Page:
"There’s only one full-dress essay in the book, and it’s much more heavy-duty than the rest. The subject is the poetry of Frederick Seidel, and the essay handles a familiar critical problem—the morality of bad taste, the Jeff Koons–Michel Houellebecq–Bret Easton Ellis problem—expertly if not entirely originally. The essay does include observations like “The death drive is figured here as the desire to literalize the trope of the subject’s dispersal.” When I hear the words “literalize the trope,” I reach for my remote. Hyperbole is an ever-present danger up there on the high-low tightrope. What helps the critic keep his or her balance is the acknowledgment that it is hyperbole, that there is a rhetoric of aesthetic experience—the experience of reading poems or listening to songs we’re strongly attached to—that is always in excess of the actual content." Louis Menand New Yorker
"The Soviet Writers’ Union had been able to give writers enough to live on after publishing a book or a collection of poems in some literary magazine — for the official writers, of course, not to the authors of samizdat. You could live for three years after publishing a book, but it had to be a bad book, because it was the result of an inner compromise. Nevertheless, lots of people had the feeling that they could stay themselves and still, somehow, occupy some cozy step on the enormous staircase of the official Soviet literary establishment. When the system crashed, people were disappointed and disorientated. By 1992 or 1993, it became evident that the utopia wasn’t working anymore, especially for poets. It became evident that a book of poetry would never have a press run of more than 2,000 copies. It would never bring you money or even fame. I saw people crushed, melted, changed because of that. They had relied on a system that had suddenly vanished into thin air. They were still willing to make compromises, but there was no longer anyone to make a compromise with." Maria Stepanova LARB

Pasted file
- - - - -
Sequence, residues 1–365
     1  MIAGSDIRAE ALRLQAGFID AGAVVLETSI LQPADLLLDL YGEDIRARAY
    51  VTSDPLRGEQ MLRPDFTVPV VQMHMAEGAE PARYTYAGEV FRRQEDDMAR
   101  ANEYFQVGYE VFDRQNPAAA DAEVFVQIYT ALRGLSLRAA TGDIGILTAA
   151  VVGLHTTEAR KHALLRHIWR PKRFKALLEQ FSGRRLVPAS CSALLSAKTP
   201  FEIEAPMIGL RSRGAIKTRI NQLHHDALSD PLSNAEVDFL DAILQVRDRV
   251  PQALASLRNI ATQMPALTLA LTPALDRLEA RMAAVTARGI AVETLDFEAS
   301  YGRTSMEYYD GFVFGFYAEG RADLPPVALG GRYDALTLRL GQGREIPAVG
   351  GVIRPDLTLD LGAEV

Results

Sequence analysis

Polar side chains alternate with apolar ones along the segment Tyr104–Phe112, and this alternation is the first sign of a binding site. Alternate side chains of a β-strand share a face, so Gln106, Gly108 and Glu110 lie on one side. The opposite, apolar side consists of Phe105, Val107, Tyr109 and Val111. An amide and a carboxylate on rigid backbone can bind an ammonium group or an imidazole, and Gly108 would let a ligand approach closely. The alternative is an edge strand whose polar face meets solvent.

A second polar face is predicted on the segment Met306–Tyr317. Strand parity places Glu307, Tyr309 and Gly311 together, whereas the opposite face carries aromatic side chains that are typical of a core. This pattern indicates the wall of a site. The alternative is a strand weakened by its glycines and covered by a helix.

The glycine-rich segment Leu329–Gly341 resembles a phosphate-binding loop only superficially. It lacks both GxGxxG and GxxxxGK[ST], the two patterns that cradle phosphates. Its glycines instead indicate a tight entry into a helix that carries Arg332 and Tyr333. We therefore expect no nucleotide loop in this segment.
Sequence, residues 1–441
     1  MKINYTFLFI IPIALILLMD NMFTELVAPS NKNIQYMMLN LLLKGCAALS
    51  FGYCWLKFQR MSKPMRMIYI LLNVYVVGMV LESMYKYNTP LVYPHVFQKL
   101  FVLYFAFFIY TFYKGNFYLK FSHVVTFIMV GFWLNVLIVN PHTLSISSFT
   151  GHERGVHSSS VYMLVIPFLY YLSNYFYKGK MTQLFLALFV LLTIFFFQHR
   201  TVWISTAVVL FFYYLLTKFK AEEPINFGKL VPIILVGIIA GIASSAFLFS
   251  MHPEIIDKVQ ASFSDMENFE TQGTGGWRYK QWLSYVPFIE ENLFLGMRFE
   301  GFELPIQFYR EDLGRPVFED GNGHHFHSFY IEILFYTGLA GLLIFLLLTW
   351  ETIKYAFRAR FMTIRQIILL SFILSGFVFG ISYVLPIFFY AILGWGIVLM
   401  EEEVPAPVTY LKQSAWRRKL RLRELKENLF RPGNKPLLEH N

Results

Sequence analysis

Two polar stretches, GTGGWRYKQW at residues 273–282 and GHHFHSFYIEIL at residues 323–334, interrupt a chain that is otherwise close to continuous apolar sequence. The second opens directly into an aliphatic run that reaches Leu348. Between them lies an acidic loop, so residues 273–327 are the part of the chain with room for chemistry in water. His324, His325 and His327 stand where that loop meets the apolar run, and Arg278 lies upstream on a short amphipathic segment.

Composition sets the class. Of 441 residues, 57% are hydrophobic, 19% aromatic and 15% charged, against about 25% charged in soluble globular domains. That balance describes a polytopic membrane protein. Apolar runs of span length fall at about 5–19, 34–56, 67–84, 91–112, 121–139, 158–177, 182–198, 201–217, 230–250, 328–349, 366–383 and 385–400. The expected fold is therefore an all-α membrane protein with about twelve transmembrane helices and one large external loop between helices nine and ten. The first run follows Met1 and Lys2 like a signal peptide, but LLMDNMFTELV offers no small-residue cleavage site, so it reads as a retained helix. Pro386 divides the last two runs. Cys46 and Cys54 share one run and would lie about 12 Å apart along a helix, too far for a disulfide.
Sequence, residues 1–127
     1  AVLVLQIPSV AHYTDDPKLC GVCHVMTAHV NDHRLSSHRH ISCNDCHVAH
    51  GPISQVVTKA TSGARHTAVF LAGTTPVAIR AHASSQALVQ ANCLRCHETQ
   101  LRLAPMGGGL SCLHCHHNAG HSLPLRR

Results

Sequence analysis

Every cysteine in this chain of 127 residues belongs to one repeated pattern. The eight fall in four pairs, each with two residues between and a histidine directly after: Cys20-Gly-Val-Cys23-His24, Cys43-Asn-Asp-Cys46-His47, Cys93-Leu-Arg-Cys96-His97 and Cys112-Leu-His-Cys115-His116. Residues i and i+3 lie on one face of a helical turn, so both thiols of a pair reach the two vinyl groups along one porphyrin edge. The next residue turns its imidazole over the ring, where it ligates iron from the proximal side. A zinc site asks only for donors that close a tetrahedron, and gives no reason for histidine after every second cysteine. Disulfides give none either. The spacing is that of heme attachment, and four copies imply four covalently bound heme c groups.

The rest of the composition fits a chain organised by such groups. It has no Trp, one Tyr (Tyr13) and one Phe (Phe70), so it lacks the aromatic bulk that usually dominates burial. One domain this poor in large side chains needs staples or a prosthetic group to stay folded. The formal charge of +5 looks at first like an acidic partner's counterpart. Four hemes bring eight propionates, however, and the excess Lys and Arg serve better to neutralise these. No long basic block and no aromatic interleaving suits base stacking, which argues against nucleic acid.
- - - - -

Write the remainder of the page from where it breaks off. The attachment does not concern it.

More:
"It can be argued she is referring to a more general language exercised in American documents, including American poetry. “Whereas” is an excavation, reorganization and documentation of a structure of language that has talked the United States through its many acts of violence. This book troubles our consideration of the language we use to carry our personal and national narratives." Natalie Diaz on Layli Long Soldier NYT
"[Tara Bergin's] The Tragic Death of Eleanor Marx might sound gloomy and, as a title, even mock-Shakespearean, but it is an exhilarating read, daring, original and very funny." John McAuliffe Irish Times